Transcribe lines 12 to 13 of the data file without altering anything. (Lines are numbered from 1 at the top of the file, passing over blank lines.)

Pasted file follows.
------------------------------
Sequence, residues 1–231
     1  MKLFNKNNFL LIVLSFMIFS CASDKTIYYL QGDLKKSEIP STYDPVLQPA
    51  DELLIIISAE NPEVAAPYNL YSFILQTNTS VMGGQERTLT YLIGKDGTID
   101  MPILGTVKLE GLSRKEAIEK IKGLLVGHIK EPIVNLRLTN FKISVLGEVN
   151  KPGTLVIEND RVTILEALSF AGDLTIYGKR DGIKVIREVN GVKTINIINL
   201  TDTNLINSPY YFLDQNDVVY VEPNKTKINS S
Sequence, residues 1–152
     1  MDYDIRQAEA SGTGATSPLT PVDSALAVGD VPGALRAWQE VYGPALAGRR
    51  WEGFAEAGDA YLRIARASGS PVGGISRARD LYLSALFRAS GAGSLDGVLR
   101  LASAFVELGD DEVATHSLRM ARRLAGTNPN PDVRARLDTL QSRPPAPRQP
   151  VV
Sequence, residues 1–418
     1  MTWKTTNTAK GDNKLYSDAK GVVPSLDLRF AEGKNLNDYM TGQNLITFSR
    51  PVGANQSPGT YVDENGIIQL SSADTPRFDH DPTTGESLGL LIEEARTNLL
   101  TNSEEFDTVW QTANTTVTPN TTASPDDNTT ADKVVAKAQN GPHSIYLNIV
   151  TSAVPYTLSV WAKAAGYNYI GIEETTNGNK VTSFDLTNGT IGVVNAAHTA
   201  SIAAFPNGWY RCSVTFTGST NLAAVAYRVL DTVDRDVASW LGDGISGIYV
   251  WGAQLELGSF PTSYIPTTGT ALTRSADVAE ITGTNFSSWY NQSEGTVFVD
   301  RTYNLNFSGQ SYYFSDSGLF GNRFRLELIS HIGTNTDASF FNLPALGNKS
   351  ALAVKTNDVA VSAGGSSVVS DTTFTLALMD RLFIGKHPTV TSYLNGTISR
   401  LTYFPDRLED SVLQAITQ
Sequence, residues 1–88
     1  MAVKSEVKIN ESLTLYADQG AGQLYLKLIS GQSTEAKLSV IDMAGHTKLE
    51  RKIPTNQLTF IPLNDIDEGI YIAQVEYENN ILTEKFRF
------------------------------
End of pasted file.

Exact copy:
Sequence, residues 1–418
     1  MTWKTTNTAK GDNKLYSDAK GVVPSLDLRF AEGKNLNDYM TGQNLITFSR